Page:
MANILA, Philippines (UPDATED) – Vice President Leni Robredo can now be sure her camp will use the same set of election data as her rival Ferdinand “Bongbong” Marcos Jr in the electoral protest the latter filed against her.
This is after the Supreme Court, acting as the Presidential Electoral Tribunal (PET), ruled to allow her access to the soft copies of the ballot images that will be decrypted from secured digital cards in Camarines Sur, Iloilo, and Negros Oriental.
These are the provinces that Marcos chose for the initial ballot recount. The merit of the rest of his electoral protest depends on the findings in these 3 areas. (READ: TIMELINE: Marcos-Robredo election case)
A ballot image is captured once a ballot enters the vote counting machine on election day.
“We welcome the PET’s decision because it will provide us with additional blanket of security to the votes received by VP Leni as they decrypt the contents of the SD cards,” said Robredo’s lawyer Romulo Macalintal on Friday, December 1.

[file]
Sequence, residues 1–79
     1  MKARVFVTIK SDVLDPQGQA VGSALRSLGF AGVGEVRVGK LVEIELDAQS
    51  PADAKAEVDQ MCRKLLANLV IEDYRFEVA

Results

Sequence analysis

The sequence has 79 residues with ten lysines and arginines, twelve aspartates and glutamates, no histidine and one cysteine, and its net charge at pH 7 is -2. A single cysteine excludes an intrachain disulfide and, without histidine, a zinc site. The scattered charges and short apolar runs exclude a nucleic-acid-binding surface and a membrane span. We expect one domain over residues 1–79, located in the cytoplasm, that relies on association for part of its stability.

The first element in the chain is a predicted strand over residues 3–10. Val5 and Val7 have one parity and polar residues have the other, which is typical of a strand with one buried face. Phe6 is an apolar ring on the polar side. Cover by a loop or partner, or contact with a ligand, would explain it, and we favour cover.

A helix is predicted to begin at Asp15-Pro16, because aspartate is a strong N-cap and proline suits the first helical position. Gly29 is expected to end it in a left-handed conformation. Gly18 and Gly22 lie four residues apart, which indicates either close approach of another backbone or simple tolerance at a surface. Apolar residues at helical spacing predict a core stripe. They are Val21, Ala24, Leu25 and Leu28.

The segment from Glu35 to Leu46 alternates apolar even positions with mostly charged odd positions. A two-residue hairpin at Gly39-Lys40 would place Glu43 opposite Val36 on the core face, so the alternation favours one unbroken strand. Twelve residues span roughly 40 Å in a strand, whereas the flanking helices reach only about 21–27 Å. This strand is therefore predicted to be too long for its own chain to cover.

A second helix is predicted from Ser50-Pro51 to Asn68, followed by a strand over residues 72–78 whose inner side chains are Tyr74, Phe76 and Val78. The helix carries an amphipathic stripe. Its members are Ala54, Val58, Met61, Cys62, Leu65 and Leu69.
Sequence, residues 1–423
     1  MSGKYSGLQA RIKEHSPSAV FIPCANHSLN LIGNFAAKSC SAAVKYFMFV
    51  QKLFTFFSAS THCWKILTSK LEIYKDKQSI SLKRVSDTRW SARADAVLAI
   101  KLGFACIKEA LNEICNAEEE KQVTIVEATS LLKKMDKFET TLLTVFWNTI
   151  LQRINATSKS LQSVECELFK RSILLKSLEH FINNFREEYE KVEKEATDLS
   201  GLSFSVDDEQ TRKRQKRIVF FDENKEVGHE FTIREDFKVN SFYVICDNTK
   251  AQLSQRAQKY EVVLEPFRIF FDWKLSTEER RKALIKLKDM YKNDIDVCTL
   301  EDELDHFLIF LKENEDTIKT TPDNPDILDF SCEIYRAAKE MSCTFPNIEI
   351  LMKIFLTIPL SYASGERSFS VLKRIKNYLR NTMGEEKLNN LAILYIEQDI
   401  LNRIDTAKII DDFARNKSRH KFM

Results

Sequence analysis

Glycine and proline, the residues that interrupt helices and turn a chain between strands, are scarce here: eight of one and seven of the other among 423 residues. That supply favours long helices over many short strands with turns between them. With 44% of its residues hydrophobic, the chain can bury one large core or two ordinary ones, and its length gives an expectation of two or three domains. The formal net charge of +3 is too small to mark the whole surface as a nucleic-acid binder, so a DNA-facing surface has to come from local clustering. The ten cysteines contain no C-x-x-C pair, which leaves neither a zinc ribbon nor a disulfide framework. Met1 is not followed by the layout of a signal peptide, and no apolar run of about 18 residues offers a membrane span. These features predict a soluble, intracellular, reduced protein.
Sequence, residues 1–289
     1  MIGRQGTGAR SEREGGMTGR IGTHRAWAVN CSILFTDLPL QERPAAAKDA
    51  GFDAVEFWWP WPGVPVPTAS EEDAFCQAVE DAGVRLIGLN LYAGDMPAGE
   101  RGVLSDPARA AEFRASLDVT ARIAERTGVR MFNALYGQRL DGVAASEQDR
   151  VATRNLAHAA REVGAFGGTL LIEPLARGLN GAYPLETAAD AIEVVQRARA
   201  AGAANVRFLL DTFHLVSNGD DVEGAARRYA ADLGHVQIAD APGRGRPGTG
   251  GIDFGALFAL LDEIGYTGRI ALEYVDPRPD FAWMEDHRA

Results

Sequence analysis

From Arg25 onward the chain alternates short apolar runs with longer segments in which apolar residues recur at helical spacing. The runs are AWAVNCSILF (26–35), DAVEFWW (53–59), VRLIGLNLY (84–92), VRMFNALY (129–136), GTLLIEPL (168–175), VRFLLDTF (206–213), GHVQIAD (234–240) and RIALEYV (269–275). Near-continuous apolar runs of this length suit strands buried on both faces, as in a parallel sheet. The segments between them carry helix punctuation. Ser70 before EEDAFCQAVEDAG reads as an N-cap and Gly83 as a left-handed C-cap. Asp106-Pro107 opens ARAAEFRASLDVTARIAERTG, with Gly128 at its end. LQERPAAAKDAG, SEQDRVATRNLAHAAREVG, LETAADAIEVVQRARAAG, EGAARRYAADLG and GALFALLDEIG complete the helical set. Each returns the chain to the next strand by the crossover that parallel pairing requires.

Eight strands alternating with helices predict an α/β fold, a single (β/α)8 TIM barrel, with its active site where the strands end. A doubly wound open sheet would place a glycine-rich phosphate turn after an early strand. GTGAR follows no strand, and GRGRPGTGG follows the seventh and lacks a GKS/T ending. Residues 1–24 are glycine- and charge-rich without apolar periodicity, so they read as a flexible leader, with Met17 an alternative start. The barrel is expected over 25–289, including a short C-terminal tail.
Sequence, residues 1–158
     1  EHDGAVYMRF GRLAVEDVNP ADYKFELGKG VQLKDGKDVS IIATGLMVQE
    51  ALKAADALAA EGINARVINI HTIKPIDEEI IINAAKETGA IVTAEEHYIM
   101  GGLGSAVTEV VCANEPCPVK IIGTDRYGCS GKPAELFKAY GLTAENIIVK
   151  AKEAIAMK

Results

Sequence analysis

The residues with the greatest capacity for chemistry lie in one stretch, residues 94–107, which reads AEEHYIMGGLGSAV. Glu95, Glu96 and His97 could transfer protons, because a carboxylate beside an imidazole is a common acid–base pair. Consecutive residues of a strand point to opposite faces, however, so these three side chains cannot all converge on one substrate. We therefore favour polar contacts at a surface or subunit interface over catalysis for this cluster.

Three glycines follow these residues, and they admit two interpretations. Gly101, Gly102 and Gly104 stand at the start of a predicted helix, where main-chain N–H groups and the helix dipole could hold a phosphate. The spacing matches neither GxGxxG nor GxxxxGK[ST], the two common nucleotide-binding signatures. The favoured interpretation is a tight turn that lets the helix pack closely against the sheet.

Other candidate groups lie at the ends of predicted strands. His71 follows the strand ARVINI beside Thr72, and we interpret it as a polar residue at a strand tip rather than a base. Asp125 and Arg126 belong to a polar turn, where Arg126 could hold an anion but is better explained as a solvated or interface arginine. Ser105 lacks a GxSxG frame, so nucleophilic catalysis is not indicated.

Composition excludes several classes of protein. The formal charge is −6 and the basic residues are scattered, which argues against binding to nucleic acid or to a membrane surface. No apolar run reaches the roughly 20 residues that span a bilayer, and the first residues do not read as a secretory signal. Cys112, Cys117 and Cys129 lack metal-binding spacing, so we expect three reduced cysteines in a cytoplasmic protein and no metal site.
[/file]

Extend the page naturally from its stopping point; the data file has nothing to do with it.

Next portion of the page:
The PET’s latest resolution issued on November 7 reads, “[The Tribunal resolved to] grant the Urgent Ex-Parte Motion to be Allowed to Secure Soft Copies of the Ballot Images and Other Reports from the Decrypted Secured Digital Cards dated October 23, 2017 filed by counsel for protestee Robredo.”
This means Robredo may now coordinate with the Commission on Elections to determine the procedure and prepare the supplies needed to secure the soft copies. The poll body said it can provide copies to the Marcos camp, too.
In the same resolution, the PET once again deferred its decision on whether or not to allow the technical and forensic examination of all election materials in Basilan, Lanao del Sur, and Maguindanao.
Marcos wants the PET to nullify the votes in these 3 provinces. (READ: 2016 Bongbong vs Leni poll protest: What ARMM ‘election fingerprints’ say)
Robredo beat Marcos by just over 200,000 votes in the 2016 polls. He then accused her and the once-ruling Liberal Party of cheating in the polls and filed a case against Robredo.
Read the full copy of the PET’s November 7 resolution below: